I am more concerned, however, towards the everyday actions taken for granted, where we see people mock migrant workers, miss a promotion in corporate structures over race, even unto foreigners who cannot rent a property or get a Grab car based on their skin tone.

The signing of ICERD will in fact police all of these under Articles 2, 3, 5 and 6 of the convention. In fact, should anyone bring up how a proposed rail line will bring in “foreigners into their township”, it will also be against the convention.

For myself, if signing the ICERD guarantees that everyone including migrants and Malaysians are treated with respect — that there will be legal recourse for them against discrimination based on race against companies, e-hailing car drivers and their app owners, listed companies who promote along racial lines, members of the police, the immigration department, and even teachers and lecturers who use racially tinged mockery for a laugh, then more power to it.

Advertisements

Letter – A caucus, approval delays, sabotaging Lynas?

A caucus, approval delays, sabotaging Lynas?

By Hafidz Baharom

Since last week, it is as if the government insists on shifting goalposts when it comes to the Lynas Advanced Material Plant in Gebeng.

Not only did the Ministry of Energy, Science, Technology, Environment and Climate Change (Mestecc) under Yeo Bee Yin put the company into an academic review committee and public hearing, now Lynas is being delayed by pending approvals from a department under her ministry and an awkwardly established bipartisan caucus.

Allow me to point out the awkward – if this caucus idea goes through for a business that has not breaches a single regulation as heard during the public hearing, will we be doing it for other industries as well?

Will we have a caucus on illegal migrant labourers in plantation, manufacturing and construction companies? How about a caucus on the supposed third national car project? How about another one for cryptocurrency including the Harapan coin?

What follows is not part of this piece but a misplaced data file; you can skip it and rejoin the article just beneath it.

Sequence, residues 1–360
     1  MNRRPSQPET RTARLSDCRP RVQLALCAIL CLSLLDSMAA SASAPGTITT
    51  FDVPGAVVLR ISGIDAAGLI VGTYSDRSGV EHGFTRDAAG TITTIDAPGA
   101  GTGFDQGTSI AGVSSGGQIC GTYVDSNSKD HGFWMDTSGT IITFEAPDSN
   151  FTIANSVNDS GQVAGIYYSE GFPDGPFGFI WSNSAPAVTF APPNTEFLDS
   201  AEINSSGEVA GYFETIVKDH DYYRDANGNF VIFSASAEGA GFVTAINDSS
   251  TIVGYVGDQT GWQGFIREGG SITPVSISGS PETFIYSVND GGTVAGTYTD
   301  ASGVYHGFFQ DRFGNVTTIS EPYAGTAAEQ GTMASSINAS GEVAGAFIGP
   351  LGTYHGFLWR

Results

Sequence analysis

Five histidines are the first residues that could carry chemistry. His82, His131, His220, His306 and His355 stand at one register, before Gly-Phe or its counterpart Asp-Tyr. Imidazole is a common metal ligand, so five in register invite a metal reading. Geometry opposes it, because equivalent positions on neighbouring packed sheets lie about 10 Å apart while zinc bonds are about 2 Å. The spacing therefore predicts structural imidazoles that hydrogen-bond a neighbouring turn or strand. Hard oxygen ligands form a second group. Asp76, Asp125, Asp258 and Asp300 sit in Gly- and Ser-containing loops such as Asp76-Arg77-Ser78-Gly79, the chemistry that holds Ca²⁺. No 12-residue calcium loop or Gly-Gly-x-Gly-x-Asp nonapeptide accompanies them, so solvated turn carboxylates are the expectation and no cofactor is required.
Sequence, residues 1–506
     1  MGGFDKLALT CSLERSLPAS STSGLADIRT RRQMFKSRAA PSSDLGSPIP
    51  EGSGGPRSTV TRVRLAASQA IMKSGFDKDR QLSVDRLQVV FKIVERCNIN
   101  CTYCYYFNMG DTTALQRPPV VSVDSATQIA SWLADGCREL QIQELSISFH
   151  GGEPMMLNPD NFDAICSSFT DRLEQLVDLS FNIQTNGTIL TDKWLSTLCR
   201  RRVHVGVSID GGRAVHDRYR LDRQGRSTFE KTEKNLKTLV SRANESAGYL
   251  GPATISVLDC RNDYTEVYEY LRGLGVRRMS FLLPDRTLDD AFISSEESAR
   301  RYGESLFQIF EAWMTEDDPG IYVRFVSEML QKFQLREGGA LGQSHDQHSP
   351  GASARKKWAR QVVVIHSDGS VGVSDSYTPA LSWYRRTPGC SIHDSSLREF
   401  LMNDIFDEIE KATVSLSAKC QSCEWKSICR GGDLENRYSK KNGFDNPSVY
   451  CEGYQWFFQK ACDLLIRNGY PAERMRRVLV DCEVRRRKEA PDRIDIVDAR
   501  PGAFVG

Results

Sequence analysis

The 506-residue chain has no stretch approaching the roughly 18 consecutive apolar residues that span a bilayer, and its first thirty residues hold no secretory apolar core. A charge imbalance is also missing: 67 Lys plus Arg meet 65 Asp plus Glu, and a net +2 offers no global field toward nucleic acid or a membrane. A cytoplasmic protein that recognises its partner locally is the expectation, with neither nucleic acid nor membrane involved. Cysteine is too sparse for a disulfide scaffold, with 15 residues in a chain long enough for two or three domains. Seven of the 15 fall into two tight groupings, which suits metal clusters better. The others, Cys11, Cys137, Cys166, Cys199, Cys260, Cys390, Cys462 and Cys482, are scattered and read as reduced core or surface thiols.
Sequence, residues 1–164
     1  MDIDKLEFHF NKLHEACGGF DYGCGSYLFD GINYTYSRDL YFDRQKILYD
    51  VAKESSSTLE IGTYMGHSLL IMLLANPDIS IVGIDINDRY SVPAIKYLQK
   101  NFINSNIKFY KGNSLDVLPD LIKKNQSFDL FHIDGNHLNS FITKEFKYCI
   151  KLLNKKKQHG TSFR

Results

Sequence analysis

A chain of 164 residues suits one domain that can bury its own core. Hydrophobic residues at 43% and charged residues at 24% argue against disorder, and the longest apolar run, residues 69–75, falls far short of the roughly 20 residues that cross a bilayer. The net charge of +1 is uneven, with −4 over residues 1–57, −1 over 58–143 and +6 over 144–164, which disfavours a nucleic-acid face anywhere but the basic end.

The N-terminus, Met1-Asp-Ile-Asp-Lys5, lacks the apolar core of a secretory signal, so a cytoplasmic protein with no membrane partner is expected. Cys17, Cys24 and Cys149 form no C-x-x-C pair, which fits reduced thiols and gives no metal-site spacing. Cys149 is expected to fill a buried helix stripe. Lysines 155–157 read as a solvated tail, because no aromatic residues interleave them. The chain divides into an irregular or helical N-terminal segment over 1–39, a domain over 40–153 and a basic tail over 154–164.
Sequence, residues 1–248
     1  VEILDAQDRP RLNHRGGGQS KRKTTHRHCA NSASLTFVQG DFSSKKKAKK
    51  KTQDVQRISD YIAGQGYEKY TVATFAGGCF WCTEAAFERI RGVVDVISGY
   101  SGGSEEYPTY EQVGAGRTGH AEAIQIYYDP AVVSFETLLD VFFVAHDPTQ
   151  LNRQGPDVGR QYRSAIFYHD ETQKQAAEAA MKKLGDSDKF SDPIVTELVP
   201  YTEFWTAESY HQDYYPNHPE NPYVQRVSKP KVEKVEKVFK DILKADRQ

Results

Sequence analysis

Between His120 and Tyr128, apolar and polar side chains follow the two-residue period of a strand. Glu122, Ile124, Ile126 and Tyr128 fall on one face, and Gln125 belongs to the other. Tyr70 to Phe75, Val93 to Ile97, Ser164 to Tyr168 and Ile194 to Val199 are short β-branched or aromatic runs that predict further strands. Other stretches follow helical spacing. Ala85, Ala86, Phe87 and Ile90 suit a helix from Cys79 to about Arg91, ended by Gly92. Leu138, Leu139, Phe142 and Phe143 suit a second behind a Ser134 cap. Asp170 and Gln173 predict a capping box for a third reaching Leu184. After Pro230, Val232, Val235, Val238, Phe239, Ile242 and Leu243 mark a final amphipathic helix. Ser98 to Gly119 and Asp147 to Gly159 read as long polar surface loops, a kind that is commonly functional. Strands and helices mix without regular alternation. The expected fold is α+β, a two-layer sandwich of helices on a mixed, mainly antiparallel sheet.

How about the Alliance Steel mill in Pahang which was in breach of regulations during Deputy Minister Fuziah Salleh’s visit in July? What about the Damansara Shah Alam Highway construction which shook the surrounding buildings earlier this month?

What about the Penang constructions on the hillsides which have killed people?

Are they all not subject to a public hearing and a committee of academics scrutinising their operations?

Now, about the delay.

Apparently, Lynas needs permission from the Department of Environment (DOE) under Mestecc to process the raw materials already imported, to increase their output. Without this approval, Lynas production will be temporarily halted in December.

This is a ridiculous regulation akin to allowing Carlsberg to bring in extra barley and yeast, but not letting them make more beer. Seriously, do we do this for gas power plants as well?

Do we tell Silterra which produces semiconductor wafers  to apply for surplus output, while having sand waiting in their plant?

But it is what it is – and the DOE is suddenly delaying it. Perhaps Yeo is in the know, perhaps she is not. One wonders if there is an element of sabotage after the public hearing did not go their way.

Obviously, this is not under Fuziah’s purview since it does not involve sharia compliance or even a halal certification, which would put it under her ministry.

So is this the new Malaysian government’s way of sabotaging a company just to keep its voters happy and to keep to their propaganda of fear?

They could not convince the regulators to show Lynas as irresponsible, they could not get a committee of academics to find factual evidence of the danger of Lynas, so now they are delaying approval for the company and adding a caucus to review the academic review to make it go their way.

I’m asking this government, specifically Mestecc and Yeo Bee Yin to come clean because this is getting rather ridiculous. If this is the way the government wants to move forward with new industries, emerging industries and even projects that have an impact on the environment, then apply it to all, not just Lynas.

Otherwise, it can only be construed as the government discriminating and sabotaging Lynas for being Lynas, and nothing else.